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a country study

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Momotombo volcano on the shore of Lake Managua

Second Edition, First Printing, 1982.

Copyright © 1982 United States Government as represented by the

Secretary of the Army. All rights reserved.

Library of Congress Cataloging in Publication Data

Main entry under title:

Nicaragua: a country study.

(Area handbook series)
Previous ed. published as: Area handbook for Nicaragua 1970.
“DA Pam 550–88.”
Bibliography: p.
Includes index.

1. Nicaragua. I. Rudolph, James D., 1947– II. Ryan, John Morris. Area handbook
for Nicaragua. III. Series.
F1523.N569 1982



Headquarters, Department of the Army
DA Pam 550–88
Supersedes 1970 Edition

For sale by the Superintendent of Documents, U.S. Government Printing Office

Washington, D.C. 20402

GL Dipos US 3/25103


This volume is one of a continuing series of books prepared by Foreign Area Studies, The American University, under the Country Studies/ Area Handbook Program. The last page of this book provides a listing of other published studies. Each book in the series deals with a particular foreign country, describing and analyzing its economic, national security, political, and social systems and institutions and examining the interrelationships of those systems and institutions and the ways that they are shaped by cultural factors. Each study is written by a multidisciplinary team of social scientists. The authors seek to provide a basic insight and understanding of the society under observation, striving for a dynamic rather than a static portrayal of it. The study focuses on historical antecedents and on the cultural, political, and socioeconomic characteristics that contribute to cohesion and cleavage within the society. Particular attention is given to the origins and traditions of the people who make up the society, their dominant beliefs and values, their community of interests and the issues on which they are divided, the nature and extent of their involvement with the national institutions, and their attitudes toward each other and toward the social system and political order within which they live.

The contents of the book represent the views, opinions, and findings of Foreign Area Studies and should not be construed as an official Department of the Army position, policy, or decision, unless so designated by other official documentation. The authors have sought to adhere to accepted standards of scholarly objectivity. Such corrections, additions, and suggestions for factual or other changes that readers may have will be welcomed for use in future new editions.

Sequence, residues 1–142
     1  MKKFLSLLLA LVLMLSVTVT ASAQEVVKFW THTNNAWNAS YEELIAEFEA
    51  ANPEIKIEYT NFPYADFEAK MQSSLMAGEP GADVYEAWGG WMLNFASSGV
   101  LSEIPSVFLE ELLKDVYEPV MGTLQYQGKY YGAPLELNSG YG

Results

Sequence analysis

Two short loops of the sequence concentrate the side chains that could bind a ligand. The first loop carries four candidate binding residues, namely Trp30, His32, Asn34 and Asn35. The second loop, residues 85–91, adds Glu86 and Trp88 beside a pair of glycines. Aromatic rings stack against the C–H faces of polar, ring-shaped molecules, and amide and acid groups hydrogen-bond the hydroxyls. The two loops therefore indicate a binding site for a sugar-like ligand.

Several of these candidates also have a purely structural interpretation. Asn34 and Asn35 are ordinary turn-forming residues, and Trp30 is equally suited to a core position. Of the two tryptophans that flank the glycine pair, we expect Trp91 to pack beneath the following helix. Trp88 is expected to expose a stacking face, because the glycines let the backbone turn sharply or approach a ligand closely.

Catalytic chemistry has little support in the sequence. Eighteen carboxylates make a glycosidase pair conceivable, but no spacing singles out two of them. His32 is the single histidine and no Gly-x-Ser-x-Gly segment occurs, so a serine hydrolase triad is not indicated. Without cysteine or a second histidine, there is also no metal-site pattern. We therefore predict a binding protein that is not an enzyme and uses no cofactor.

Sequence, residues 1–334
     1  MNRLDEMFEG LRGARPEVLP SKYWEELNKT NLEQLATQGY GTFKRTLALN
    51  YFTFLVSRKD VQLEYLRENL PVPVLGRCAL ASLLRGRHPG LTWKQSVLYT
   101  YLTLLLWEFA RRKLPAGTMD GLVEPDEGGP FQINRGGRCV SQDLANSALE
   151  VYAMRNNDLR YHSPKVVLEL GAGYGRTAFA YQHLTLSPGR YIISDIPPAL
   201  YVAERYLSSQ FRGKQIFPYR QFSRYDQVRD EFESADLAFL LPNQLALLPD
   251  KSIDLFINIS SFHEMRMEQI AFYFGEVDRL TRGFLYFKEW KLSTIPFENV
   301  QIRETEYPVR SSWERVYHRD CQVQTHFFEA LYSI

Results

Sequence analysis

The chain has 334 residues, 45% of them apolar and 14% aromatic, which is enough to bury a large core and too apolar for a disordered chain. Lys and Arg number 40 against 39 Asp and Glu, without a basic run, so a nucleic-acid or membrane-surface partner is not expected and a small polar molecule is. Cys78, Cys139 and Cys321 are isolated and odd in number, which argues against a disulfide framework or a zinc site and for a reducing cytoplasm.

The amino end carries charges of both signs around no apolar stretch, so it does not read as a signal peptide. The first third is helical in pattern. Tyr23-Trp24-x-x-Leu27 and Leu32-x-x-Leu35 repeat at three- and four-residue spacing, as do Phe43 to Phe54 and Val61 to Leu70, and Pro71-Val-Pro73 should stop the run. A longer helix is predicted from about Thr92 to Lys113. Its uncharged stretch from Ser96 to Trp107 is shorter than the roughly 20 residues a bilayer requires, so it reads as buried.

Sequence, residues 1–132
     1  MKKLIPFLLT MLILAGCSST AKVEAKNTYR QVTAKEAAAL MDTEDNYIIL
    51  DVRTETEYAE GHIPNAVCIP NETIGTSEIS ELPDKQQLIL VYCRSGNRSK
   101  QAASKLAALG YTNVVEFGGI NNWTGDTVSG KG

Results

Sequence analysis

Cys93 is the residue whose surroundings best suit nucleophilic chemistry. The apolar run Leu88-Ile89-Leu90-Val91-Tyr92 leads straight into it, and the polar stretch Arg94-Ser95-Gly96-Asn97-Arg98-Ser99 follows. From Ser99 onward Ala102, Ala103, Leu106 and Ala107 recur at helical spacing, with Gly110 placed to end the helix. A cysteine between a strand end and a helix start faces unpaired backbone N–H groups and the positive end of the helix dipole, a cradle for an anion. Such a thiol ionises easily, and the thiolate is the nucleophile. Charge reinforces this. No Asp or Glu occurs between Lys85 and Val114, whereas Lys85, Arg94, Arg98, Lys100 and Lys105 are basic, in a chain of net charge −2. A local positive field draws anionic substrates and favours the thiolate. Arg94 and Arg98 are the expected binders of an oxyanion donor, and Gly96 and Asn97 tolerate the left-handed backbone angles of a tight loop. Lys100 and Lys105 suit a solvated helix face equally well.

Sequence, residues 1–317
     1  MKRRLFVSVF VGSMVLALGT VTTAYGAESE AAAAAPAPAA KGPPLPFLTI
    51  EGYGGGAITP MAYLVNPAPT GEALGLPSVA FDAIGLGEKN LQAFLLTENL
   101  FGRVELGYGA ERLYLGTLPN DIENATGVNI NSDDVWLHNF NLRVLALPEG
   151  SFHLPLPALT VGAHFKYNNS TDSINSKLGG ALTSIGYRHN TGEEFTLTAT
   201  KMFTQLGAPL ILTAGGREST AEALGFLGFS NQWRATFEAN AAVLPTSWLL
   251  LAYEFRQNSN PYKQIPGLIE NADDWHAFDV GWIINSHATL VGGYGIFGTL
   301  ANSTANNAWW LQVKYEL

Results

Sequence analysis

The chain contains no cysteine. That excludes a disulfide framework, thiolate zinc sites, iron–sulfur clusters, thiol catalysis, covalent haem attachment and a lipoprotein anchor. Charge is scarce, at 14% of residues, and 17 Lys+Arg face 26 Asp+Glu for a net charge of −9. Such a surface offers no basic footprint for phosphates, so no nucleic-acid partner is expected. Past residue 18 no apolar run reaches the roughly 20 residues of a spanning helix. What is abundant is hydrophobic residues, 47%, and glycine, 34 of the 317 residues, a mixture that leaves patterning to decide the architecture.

William Evans-Smith
Director, Foreign Area Studies

The American University
Washington, D.C. 20016


The authors are grateful to numerous individuals who contributed their time, research materials, and special knowledge of Nicaraguan affairs to this study. Particular mention should be given to Eugene and Sheila Robertson, who contributed a variety of source materials; to Lisa Castleman, Laurie Greenberg, Charles Perkins, and Lorraine Ritacco, who contributed to the research for chapter 5, and to Dr. Thomas W. Walker, who made available the manuscripts of two forthcoming books. Special thanks are owed to Ann Roetzel, who designed the cover and the illustrations of the title page of each chapter. The inclusion of photographs in this study was made possible by the generosity of various individuals and private and public agencies.

The authors also wish to express their gratitude to members of the Foreign Area Studies staff who contributed directly to the preparation of the manuscript. These include Alison Raphael and Kathryn Stafford, who edited the manuscript, with the assistance of Janet B. Connors; Harriet R. Blood and Gustavo Arce, who prepared the graphics; Gilda V. Nimer, librarian; and Margaret Quinn, Eloise W. Brandt, and John Nuzzi, who typed the manuscript. The team appreciates as well the assistance provided by Ernest A. Will, publications manager.

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